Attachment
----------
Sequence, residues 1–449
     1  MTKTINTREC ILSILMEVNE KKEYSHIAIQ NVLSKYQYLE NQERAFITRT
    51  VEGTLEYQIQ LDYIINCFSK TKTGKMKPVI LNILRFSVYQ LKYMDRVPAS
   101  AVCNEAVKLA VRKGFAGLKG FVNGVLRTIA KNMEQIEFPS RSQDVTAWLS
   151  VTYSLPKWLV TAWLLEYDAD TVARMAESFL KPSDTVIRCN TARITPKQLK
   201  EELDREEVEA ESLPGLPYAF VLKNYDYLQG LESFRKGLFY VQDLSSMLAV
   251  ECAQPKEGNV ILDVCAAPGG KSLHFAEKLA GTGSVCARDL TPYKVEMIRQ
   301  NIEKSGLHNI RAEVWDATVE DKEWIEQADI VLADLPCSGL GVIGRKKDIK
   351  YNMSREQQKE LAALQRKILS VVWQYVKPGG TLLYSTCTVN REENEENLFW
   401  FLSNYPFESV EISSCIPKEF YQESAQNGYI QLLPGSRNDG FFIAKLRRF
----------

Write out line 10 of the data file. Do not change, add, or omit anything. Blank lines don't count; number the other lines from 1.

   401  FLSNYPFESV EISSCIPKEF YQESAQNGYI QLLPGSRNDG FFIAKLRRF